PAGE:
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Evraz Sees Weaker Q3, Rising Domestic Demand

Evraz Group expects that core profit will have slipped in the third quarter, despite improving Russian demand, because of volatile prices and concerns about a sustainable economic recovery, the company said Thursday.

The weaker profit outlook and a wider-than-expected first-half net loss drove the company’s London-listed stock down 1.9 percent to $26.75, while the market finished up 0.1 percent.

Evraz — which also has operations in the United States, Canada, Italy, Ukraine, Czech Republic and South Africa — said its three Russian mills were running at full capacity, and its foreign plants had boosted capacity use.

Major Russian steelmakers increased output in the second quarter in the hopes that the trend of weaker prices in the early summer months would turn around in the fall.

In May, Evraz forecast a sharp rise in second-quarter earnings before interest, taxes, depreciation and amortization to $725 million to $825 million, after $424 million in the first quarter.

First-half EBITDA was $1.15 billion, suggesting that the second-quarter figure was at the lower end of the range. The company cautioned, however, that core earnings would decline in the third quarter to the $480 million to $550 million range.

Evraz recorded a net loss of $270 million in the first half, which it blamed on depreciation-related one-off items.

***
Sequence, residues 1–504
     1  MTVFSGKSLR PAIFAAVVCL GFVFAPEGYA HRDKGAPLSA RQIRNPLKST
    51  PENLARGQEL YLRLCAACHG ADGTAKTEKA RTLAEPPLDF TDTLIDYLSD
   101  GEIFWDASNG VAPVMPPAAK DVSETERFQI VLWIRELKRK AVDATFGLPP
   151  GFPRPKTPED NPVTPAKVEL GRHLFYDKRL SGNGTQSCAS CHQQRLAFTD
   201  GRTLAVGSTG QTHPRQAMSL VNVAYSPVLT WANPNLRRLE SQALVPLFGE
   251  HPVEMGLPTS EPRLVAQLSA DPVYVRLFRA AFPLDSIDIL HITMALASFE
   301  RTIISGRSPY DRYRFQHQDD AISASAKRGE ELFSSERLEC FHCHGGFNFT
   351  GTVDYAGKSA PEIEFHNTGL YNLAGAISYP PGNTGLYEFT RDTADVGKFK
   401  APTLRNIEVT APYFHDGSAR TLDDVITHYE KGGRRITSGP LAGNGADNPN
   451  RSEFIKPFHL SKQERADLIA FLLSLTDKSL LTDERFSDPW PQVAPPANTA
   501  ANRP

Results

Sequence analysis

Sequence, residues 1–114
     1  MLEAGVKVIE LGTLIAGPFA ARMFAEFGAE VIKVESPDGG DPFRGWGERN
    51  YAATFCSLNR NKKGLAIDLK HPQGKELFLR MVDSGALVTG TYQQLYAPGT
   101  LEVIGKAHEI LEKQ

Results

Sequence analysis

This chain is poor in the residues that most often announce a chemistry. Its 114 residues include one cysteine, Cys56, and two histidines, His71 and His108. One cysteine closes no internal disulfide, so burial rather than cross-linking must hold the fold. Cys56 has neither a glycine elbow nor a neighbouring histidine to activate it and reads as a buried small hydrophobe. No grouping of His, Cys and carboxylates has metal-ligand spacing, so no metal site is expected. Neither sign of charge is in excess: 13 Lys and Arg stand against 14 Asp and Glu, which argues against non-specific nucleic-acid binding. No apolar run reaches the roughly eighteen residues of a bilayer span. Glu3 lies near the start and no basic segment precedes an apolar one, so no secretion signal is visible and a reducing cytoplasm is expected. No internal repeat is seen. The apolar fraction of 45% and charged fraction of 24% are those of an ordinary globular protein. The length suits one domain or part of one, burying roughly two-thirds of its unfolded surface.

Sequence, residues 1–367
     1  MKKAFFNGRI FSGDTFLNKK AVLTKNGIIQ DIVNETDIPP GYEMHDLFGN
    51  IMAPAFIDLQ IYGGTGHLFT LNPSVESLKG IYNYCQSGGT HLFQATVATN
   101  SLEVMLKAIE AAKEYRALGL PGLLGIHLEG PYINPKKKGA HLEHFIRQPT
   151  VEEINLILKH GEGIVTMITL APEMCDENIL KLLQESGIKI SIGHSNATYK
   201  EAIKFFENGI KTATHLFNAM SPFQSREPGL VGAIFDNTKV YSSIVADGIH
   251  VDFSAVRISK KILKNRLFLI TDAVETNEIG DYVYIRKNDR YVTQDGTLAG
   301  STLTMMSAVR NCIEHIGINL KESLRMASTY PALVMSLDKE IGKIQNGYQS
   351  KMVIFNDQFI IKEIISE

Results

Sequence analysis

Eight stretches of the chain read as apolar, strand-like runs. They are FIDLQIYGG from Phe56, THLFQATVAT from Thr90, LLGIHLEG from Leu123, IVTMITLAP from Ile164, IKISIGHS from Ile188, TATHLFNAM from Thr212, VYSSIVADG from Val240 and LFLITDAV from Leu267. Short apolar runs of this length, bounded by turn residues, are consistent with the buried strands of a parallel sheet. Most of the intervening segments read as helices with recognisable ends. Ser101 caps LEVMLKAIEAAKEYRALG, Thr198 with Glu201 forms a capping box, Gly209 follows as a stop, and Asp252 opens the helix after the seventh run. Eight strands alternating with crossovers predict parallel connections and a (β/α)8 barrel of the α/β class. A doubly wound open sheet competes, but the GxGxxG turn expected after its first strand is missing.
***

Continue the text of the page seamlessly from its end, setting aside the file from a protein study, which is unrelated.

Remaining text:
CEO Alexander Frolov told a conference call that there would be no dividend for the year.

Interest expense on the company's $7.2 billion in net debt was the biggest loss maker, Renaissance Capital said in a note.

"In our view, Evraz could not avoid losses at the net profit line, taking into account the downturn in steel prices in May-June," Renaissance said.

The company must repay $1.1 billion in the next 12 months, chief financial officer Giacomo Baizini told a conference call. It will refinance the full amount, though the company has $700 million in cash, he added.

"We don't really see profit or returning to profit as one of our major targets," Baizini said in an interview to Reuters.

Evraz instead focused on healthy volumes, especially in Russia, where an acceleration of government-funded construction projects in particular boosted demand by 30 percent from the first half of 2009.

Key projects included infrastructure development in preparation for the 2012 Asia-Pacific Economic Cooperation summit in the Far East and the 2014 Sochi Olympics, Frolov said.

"There is potential for continued growth because, in volume terms, the pre-crisis level has not been reached. There is another 15-20 percent to go," Frolov told the conference call.

Analysts said that might be cold comfort for investors, as the outlook for Russia's own growth dims.

"The main future driver of Evraz's equity story should be the recovery of construction activity in Russia," Citi analyst Daniel Yakub wrote. "Recovery of the domestic construction market demand back to pre-crisis levels may take some time, unless growth rates accelerate."

Evraz expects to raise prices for its semi-finished steel by as much as 31 percent in the fourth quarter, rebounding from a slump in June and July.

The company has begun talks with clients on supplying slab steel and sees prices reaching $600 per metric ton, senior vice president Pavel Tatyanin said on a conference call. The figure compares with the average second-quarter semi-finished steel price of $457 that Evraz reported July 15.

(Reuters, Bloomberg)

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